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BioMarin (NASDAQ: BMRN ) shares rose more than 40% in the past year. This week the company announced a new acquisition, denied any buyout desires, and presented its plans at the JPMorgan Healthcare Conference. I outlined three things to watch at BioMarin. Is more growth coming for this orphan drug focused biotech?
New acquisition and buyout denial
BioMarin paid $10 million upfront for the acquisition of Zacharon Pharmaceuticals. Additional milestone payments might pay out in the future. Zacharon has drug discovery projects and a proprietary technology relating to rare genetic mucopolysaccharidosis, or MPS, disorders. The 2013 guidance had already allotted for the acquisition.
Rumors of a possible takeover have long followed BioMarin, with potential buyers including GlaxoSmithKline (NYSE: GSK ) . CEO Jean-Jacques Bienaime told reporters at the conference this week there's no plans to sell at this time. He specifically stated that the company wouldn't accept offers of even a 25% to 30% premium.
BioMarin likes where it's going. What's taking it there? A few promising lead drugs.
GALNS near the gates
BioMarin shares shot up more than 30% intraday in November upon positive phase 3 results for GALNS, now renamed Vimizim. The drug treats the rare genetic disorder Morquio syndrome, which causes skeletal dysplasia. The potential market opportunity is estimated at $500 million to $800 million worldwide.
The company already had meetings with the Food and Drug Administration and European Medicines Agency, and market authorization applications will begin in the first quarter. If the FDA gives Vimizim priority review and doesn't impose any delays, the approval could come by year's end.
Potential label expansions could come from the additional Vimizim trials wrapping up this year. BioMarin is testing the drug in patients under the age of 5 and in those with limited ambulation.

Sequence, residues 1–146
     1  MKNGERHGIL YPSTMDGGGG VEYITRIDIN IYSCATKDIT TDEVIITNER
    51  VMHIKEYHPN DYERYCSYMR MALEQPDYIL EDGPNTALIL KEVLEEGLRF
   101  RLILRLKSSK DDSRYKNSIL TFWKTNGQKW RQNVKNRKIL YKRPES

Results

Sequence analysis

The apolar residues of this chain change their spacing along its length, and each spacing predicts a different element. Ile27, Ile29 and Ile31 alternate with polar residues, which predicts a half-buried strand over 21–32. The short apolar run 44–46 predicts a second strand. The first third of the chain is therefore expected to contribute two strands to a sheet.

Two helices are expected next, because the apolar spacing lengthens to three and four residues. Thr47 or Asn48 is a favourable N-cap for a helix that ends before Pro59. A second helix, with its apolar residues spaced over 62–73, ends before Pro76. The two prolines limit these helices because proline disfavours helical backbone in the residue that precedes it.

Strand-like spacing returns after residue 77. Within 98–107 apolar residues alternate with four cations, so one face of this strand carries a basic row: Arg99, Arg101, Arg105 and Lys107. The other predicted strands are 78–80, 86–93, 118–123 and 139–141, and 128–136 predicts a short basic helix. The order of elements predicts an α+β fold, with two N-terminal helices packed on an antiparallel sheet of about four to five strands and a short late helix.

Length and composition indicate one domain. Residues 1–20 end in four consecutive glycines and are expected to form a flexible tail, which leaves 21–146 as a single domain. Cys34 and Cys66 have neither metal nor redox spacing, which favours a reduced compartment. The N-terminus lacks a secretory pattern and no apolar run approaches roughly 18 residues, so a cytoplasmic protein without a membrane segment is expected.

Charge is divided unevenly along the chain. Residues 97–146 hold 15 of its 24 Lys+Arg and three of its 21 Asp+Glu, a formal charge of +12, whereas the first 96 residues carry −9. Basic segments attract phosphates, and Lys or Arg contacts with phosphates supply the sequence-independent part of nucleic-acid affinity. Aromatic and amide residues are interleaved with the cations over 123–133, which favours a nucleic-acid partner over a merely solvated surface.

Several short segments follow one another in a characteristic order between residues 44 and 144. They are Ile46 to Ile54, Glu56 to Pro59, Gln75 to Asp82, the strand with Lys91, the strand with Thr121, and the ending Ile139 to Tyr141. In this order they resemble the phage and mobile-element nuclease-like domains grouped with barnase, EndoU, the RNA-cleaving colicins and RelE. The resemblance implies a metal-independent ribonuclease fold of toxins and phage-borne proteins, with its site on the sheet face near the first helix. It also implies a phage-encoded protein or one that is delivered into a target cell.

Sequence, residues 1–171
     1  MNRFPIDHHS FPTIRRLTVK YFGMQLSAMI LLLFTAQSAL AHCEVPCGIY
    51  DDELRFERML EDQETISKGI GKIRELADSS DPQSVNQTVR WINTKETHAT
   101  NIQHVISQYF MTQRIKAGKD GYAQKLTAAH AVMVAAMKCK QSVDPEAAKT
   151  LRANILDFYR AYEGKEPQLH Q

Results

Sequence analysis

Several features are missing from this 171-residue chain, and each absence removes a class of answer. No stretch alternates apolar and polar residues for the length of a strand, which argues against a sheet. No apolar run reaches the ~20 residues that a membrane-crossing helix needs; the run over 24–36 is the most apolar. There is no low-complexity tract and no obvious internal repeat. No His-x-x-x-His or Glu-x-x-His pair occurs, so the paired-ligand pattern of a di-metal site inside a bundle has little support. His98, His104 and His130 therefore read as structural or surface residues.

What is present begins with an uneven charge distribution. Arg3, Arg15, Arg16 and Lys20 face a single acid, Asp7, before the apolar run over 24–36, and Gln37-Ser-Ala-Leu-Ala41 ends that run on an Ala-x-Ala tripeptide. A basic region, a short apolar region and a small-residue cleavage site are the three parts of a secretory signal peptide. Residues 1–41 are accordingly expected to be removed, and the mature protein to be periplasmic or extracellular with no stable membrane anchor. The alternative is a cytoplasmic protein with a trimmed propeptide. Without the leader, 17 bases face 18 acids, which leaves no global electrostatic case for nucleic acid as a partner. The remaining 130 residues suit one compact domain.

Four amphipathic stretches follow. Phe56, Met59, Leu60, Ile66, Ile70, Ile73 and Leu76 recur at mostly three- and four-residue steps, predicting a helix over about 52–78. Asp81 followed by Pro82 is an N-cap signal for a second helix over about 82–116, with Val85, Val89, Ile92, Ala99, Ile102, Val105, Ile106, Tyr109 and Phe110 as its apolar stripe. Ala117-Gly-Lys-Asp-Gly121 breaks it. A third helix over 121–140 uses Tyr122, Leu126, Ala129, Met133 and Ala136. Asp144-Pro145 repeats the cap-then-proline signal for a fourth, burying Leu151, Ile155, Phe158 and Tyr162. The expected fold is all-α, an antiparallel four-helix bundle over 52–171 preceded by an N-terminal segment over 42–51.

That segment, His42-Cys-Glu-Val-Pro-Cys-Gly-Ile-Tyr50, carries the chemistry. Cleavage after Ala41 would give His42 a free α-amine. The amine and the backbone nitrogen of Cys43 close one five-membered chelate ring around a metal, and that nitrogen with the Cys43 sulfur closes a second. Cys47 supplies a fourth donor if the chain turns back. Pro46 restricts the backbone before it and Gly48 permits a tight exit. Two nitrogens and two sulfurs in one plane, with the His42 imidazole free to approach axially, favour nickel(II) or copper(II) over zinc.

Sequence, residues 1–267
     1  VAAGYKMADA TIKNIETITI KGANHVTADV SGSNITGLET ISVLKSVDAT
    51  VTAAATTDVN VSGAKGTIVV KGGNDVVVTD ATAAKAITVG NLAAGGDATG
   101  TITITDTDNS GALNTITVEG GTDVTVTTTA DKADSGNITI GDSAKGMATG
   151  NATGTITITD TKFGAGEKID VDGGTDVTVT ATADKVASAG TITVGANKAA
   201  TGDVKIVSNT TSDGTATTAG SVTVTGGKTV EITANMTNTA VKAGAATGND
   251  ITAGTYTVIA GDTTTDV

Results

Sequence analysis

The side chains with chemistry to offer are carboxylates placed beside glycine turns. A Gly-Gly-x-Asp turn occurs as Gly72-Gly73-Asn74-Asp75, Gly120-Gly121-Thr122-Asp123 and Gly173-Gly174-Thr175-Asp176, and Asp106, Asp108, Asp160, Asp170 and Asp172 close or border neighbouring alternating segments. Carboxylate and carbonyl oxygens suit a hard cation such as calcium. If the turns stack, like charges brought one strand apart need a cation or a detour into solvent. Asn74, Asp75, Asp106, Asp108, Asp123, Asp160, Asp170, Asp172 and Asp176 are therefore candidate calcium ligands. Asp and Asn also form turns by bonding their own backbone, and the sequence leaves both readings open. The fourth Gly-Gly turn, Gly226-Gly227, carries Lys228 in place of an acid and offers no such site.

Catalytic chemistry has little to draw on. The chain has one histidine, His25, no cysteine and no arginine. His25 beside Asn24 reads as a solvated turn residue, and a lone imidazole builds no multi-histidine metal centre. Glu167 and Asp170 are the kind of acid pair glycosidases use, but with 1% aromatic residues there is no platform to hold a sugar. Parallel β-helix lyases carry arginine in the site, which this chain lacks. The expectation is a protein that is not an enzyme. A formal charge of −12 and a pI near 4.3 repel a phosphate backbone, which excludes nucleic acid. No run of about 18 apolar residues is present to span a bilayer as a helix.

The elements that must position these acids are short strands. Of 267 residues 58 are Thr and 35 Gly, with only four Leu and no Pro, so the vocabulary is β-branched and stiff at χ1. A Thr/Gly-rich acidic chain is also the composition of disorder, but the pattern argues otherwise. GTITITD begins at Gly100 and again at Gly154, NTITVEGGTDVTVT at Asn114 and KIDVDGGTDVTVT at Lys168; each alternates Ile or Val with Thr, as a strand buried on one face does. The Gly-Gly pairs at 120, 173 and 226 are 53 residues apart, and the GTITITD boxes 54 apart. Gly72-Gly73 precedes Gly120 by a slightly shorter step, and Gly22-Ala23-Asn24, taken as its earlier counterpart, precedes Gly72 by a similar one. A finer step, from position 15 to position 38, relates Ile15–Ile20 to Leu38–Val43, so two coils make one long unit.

BioMarin's approved drug Kruvan treats the genetic metabolic disorder phenylketonuria, or PKU. But Kruvan's only effective in a small percentage of patients. Pipeline project PEG-PAL offers a treatment alternative that has proven to work better for more people.
BioMarin reported positive phase 2 results for PEG-PAL last fall, and will meet with the FDA to discuss them in the first quarter. Phase 3 trial should initiate in the second quarter. PEG-PAL's success could mean cannibalization for Kruvan, which earned $36.4 million in the third quarter, but it's worth it for the larger market potential.
BMN-673 will report phase 1/2 trial results during the second quarter. The drug belongs to the PARP inhibitor class and treats genetically defined cancers, including acute myeloid leukemia, or AML. Early trial data seems promising and showed that BMN-673 was far more potent than AstraZeneca's (NYSE: AZN ) olaparib, which ceased after phase 2 trials.
Foolish bottom line
BioMarin's business revolves around orphan drugs that earn low by nature. Four drugs have reached market, including Kruvan. But the rising batch of treatments deserves a degree of excitement for their expansion potential. It's bound to be a big year for BioMarin.
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